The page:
The other utopian perspective made by Jameson has to do with the way in which this or that ‘root of all evil’ has been eliminated from that world. (40) He argues that the ‘root of all evil’ is to be found in gold and money. Consequently, there is greed which needs to be repressed by utopian laws and arrangements in order to arrive at some better and more human form of life. Jameson sees a particular ‘root of all evil’ in unemployment. (38) An establishment of full employment would transform the capitalistic system, because capitalism requires unemployed people in order to function and to avoid inflation. Most people are familiar with the fear, the lack of income and the negative consequences that unemployment brings. Psychic misery, demoralization, crime, drugs, violence, boredom, etc. can be diagnosed as results of a society unable to accommodate the productiveness of all its citizens.
(Jameson 38) Following a society without these roots of evil is a society where everybody has the chance to earn enough money for a satisfactory life by working.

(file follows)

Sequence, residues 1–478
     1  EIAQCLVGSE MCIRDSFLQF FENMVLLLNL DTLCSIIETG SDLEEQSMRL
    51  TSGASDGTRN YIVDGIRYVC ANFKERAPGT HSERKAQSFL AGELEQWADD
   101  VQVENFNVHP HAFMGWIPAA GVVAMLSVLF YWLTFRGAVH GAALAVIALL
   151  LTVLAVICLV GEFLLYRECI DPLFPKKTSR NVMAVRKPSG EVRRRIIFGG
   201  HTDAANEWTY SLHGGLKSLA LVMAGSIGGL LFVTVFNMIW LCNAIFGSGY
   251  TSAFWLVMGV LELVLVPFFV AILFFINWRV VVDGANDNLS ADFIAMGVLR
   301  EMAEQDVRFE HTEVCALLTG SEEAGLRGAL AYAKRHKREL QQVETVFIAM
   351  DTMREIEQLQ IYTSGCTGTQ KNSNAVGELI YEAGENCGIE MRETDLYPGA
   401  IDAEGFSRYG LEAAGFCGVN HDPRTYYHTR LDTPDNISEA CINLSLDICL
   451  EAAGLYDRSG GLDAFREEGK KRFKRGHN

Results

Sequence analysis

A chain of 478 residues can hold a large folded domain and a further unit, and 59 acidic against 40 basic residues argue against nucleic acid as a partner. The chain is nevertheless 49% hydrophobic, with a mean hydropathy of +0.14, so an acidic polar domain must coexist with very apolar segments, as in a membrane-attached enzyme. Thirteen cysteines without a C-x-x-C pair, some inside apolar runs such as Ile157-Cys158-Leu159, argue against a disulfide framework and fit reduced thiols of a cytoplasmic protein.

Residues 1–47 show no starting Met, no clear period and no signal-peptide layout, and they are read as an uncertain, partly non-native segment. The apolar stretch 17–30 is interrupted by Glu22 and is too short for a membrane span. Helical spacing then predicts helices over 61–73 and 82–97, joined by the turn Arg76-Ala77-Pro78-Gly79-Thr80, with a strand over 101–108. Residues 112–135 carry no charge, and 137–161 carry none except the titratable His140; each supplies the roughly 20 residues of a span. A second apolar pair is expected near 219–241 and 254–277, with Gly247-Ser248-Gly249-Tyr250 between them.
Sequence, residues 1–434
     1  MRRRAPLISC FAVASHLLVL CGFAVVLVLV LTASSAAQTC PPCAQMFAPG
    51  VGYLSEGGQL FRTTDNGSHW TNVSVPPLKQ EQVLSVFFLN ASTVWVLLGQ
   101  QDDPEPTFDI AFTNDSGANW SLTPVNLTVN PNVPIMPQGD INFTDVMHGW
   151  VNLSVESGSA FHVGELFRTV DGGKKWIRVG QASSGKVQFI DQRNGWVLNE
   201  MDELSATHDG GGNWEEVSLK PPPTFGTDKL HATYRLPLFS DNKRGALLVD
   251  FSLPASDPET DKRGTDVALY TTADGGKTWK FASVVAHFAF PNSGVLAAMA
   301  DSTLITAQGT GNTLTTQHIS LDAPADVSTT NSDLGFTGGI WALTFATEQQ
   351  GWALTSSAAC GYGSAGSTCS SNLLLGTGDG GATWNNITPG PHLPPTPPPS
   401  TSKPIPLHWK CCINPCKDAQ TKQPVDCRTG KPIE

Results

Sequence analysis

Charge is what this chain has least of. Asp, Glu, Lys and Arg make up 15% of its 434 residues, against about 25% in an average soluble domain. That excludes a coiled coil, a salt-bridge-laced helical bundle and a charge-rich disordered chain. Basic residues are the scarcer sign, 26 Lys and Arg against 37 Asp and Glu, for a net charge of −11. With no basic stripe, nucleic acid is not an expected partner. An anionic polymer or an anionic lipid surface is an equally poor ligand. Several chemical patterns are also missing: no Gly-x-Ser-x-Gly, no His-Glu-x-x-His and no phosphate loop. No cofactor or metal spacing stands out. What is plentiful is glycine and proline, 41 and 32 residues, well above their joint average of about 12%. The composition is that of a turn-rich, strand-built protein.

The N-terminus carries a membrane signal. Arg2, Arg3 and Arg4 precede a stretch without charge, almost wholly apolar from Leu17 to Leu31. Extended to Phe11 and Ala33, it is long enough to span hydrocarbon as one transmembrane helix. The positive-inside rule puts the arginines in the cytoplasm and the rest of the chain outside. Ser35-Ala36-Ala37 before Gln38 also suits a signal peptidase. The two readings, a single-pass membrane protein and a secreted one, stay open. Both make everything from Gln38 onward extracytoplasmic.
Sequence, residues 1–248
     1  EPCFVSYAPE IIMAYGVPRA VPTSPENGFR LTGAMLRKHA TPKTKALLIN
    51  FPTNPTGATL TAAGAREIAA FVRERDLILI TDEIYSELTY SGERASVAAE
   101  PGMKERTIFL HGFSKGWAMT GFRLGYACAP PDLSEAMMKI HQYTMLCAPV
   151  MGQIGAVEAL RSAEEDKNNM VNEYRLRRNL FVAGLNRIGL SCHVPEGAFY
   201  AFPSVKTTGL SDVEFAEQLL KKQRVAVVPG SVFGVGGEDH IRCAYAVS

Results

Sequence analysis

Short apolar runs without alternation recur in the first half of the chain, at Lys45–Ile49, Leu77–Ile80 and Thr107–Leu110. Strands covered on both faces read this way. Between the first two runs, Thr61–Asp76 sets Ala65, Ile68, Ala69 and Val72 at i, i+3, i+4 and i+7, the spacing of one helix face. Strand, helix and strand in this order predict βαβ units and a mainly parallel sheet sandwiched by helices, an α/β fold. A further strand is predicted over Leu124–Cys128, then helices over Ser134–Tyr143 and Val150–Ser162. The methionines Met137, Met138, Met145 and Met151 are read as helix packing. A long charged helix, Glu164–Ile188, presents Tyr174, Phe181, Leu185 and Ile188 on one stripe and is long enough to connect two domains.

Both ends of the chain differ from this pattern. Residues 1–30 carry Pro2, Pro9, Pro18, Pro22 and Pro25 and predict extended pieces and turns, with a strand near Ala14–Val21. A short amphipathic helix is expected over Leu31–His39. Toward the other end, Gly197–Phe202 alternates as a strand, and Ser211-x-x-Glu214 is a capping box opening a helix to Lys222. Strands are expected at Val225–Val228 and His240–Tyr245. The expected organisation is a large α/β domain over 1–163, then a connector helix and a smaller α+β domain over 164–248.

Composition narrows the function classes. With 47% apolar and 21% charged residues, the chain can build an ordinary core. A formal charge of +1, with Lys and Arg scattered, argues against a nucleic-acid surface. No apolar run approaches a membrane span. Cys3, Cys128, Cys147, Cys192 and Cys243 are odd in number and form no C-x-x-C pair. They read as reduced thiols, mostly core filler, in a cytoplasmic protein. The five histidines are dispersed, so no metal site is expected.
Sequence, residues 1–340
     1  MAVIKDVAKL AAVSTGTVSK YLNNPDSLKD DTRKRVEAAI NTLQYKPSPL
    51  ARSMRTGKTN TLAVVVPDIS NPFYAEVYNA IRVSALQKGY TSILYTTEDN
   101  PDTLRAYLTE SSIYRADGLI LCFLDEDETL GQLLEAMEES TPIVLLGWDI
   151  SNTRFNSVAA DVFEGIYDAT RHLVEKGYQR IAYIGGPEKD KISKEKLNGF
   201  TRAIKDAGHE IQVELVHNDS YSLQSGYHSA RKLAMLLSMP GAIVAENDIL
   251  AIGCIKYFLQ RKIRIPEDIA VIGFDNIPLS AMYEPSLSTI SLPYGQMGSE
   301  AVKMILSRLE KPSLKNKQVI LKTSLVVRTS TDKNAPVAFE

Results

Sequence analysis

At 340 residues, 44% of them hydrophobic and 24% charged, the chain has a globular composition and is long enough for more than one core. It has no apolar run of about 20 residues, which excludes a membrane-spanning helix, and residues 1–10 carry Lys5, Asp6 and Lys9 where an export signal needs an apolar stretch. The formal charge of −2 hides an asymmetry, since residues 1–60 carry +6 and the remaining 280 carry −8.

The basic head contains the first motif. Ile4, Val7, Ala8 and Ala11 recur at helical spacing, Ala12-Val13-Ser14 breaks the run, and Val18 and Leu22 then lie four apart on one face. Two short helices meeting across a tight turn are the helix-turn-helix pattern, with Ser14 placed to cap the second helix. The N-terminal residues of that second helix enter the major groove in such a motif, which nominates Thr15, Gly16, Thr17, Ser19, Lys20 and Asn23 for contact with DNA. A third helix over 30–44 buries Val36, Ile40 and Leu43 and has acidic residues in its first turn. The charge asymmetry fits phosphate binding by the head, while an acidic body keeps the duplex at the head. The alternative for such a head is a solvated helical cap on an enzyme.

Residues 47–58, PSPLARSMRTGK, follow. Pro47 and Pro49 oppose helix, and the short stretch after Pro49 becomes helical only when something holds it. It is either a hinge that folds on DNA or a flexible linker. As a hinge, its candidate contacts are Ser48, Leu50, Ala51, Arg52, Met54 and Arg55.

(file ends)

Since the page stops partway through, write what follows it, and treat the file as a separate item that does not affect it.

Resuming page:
In “Harvest” the ‘roots of all evil’ still exist, because it is a dystopian play. It shows a negative picture of the future. Whereas utopian fiction describes happiness within an ideal or perfect place or state or any visionary system of political and social perfection, in dystopian fiction the reader is confronted with a creation of a horrible or degraded society. Under pressure of unemployment and his bad living conditions Om decides to sell his body parts. He is not the only one who wants to be a donor. Many Indians apply for this “job” and Om is chosen trough a long and strict procedure. Jameson’s article puts forward the argument that the ‘root of all evil’ idea of utopia is an essentially existential one, because we as individuals have a relationship with material things like property and money. As a result many people are greedy and cannot imagine a life without these things. In “Harvest” the meaning of money and property is very strong, what emphasizes its dystopian character. Especially Ma develops greed for property and consumption. I want to add that Jameson doesn’t write about possibilities that unemployment offers. If one is unemployed one has time for hobbies and development of the personality. In case of being employed one has less free time, because employer as well as colleagues expect that employees perform well. Moreover, not all jobs are interesting; some are also monotonous and one-sided. This includes the problem of boredom, which Jameson only relates to unemployment.